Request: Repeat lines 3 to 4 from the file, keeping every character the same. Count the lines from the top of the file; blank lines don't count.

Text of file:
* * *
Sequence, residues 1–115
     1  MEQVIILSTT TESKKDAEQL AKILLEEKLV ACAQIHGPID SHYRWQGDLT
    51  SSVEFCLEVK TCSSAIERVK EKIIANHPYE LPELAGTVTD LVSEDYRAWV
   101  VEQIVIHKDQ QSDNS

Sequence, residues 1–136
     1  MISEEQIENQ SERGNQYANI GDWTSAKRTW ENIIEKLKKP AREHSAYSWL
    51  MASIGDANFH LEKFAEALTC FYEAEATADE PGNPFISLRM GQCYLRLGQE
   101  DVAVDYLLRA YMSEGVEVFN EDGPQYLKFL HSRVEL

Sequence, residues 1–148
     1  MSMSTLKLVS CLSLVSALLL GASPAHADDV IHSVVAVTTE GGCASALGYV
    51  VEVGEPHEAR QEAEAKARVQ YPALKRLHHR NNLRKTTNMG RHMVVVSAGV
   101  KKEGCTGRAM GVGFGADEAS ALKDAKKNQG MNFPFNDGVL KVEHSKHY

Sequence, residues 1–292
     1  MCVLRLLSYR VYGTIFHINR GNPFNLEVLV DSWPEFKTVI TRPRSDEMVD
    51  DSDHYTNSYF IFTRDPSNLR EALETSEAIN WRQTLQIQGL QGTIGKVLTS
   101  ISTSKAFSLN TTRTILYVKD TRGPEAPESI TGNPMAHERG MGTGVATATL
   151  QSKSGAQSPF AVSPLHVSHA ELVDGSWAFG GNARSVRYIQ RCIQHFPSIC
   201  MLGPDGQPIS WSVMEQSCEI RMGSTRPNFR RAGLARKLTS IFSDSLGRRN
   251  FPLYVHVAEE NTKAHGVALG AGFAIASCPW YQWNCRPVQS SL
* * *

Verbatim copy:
    51  SSVEFCLEVK TCSSAIERVK EKIIANHPYE LPELAGTVTD LVSEDYRAWV
   101  VEQIVIHKDQ QSDNS